That confuses users.

Many of the people I help with Access DO use autonumbers to mean something important sometimes too -- and that is fine, in my opinion.

It's a free world.  You get to do what you want.
But user significance for autonumbers usually leads to heartache and confusion.

YMMV -- and clearly does.
Gustav BrockCIOCommented:
But user significance for autonumbers usually leads to heartache and confusion.
Right. And the heartache is not the user's but the developer's. Been there, you never go there again.

/gustav
crystal (strive4peace) - Microsoft MVP, AccessRemote Training and ProgrammingCommented:
all we can do is present our opinions on the use of autonumbers and let each decide for themselves.  Like naming, there is no right or wrong convention as long as there is something consistent ~

If absolute sequence is not needed, I see nothing wrong with using a number that is already unique instead of creating another one ... the engineer in me thinks it is more efficient to use what is there already ~

to each their own ... we all have our own ways ~
sgleeAuthor Commented:
Is there some type of ACCESS VB code out there that generates a new order number (one greater that previous)?
crystal (strive4peace) - Microsoft MVP, AccessRemote Training and ProgrammingCommented:
sure, an easy way is to use DMax to get the maximum value in the table and then add 1.  Here is how to calculate it in code.  You can calculate it to show on the form BeforeInsert event ... but recalculate it on the form BeforeUpdate event if you have multiple users.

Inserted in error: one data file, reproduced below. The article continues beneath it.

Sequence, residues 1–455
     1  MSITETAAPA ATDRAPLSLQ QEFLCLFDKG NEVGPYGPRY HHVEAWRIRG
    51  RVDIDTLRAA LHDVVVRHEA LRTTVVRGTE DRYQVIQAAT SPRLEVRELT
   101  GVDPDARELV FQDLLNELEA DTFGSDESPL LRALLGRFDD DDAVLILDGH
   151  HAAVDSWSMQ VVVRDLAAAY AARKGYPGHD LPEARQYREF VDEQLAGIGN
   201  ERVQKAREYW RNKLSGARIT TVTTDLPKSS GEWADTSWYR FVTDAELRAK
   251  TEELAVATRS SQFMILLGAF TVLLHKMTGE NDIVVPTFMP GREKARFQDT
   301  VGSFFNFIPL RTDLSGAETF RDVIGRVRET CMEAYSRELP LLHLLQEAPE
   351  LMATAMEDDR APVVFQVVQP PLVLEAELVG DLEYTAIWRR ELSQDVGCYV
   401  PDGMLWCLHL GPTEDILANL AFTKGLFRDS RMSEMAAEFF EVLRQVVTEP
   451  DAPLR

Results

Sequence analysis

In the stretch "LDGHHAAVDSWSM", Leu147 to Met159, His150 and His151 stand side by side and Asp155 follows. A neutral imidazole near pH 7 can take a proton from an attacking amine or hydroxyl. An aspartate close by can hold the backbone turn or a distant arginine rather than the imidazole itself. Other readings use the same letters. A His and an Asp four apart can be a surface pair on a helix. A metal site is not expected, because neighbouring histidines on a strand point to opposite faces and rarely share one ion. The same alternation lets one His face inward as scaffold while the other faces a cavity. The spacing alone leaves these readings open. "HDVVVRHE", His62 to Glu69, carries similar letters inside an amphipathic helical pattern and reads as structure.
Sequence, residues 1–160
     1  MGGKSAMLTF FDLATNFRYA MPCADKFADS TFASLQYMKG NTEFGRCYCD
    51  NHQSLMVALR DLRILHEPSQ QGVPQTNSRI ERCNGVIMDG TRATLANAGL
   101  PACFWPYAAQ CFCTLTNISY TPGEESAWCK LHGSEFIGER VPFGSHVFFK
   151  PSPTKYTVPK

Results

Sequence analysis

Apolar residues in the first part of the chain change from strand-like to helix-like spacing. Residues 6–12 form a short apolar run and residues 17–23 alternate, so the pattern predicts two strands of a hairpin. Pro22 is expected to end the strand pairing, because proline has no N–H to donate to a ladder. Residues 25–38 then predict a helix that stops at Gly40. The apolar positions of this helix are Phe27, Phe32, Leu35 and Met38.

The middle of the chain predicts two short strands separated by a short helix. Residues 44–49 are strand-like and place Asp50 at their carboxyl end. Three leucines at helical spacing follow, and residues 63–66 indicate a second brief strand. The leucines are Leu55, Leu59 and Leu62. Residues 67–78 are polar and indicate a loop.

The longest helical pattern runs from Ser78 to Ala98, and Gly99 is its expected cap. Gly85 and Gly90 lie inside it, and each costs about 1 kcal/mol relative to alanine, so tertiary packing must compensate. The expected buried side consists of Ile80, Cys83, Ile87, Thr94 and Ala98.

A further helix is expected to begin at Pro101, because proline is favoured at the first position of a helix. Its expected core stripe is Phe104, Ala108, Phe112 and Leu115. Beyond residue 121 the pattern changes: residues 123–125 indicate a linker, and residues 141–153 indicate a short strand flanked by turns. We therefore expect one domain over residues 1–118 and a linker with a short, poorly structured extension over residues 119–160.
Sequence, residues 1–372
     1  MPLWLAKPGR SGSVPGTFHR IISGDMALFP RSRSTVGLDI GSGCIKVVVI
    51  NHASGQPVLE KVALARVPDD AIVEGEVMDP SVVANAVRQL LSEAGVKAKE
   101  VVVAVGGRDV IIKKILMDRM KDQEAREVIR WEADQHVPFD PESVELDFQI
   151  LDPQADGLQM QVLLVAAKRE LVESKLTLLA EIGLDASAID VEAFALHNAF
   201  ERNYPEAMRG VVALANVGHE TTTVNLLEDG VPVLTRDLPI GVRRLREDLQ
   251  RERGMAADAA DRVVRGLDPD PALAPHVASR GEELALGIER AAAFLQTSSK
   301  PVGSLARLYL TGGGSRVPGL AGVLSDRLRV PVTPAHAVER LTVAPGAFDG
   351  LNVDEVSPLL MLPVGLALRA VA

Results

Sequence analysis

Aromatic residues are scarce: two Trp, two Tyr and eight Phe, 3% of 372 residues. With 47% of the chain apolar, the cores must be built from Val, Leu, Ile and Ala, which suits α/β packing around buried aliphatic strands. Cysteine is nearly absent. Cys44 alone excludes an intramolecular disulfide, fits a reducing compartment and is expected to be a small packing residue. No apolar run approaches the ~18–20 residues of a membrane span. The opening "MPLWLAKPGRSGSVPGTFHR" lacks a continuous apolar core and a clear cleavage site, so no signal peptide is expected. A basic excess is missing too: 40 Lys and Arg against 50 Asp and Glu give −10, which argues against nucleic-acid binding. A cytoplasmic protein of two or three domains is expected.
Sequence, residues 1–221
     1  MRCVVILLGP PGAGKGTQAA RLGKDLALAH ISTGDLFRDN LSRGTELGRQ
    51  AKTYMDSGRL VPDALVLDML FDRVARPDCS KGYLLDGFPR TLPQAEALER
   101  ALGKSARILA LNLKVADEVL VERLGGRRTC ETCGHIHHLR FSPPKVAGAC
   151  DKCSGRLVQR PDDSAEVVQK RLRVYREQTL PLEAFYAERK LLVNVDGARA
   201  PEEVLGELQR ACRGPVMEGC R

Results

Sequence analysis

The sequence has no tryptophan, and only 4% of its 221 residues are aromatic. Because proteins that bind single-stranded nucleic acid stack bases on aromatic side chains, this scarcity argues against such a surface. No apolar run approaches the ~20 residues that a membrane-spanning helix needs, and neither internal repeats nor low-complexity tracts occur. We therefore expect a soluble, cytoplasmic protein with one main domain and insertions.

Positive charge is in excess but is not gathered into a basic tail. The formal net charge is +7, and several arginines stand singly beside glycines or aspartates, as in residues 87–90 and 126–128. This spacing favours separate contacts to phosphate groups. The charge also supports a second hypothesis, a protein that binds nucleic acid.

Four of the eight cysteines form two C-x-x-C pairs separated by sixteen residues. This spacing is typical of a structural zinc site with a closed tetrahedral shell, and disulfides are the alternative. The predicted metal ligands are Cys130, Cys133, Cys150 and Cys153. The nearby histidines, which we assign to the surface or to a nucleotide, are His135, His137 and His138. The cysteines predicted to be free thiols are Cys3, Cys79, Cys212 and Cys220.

dim nNewNumber as long
   nNewNumber = nz( DMax ( "[fieldname]", "[tablename]") ,0) + 1
   me.SequenceNumber_controlname = nNewNumber 

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Nick67Commented:
They are all of a type
Basically

dim NewOrderNumber as Long
dim rs as recordset
set rs = Currentdb.OpenRecordset("select top 1 OrderNumber from tblWhatever Order by orderNumber Desc",dbOpendynaset, dbseechanges)
NewOrderNumber = rs!Ordernumber + 1

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This one is production code for new quote numbers, with Year pre-pended and reseting in the new year

Public Function NewQuoteNumber()
Dim db As Database
Dim rs As Recordset
Set db = CurrentDbC
Set rs = db.OpenRecordset("select Top 1 QuoteNumber from tblQuotes where cint(left(quotenumber,4))= year(Date()) order by cint(right(quotenumber,4)) desc;", dbOpenDynaset, dbSeeChanges)
If rs.RecordCount = 0 Then
    NewQuoteNumber = CStr(Year(Date) & "001")
Else
    NewQuoteNumber = CStr(CLng(rs!QuoteNumber) + 1)
End If
End Function

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The trick is to call this function during the creation of the record
That minimizes any possibility of duplicates

First thing the command button to create a new quote does is generate and commit that number

Private Sub cmdNewQuote_Click()
DoCmd.GoToRecord , , acNewRec
Me.QuoteNumber.Value = NewQuoteNumber()
End Sub

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sgleeAuthor Commented:
@crystal & @Nick
Thanks for the sample code and I appreciate it.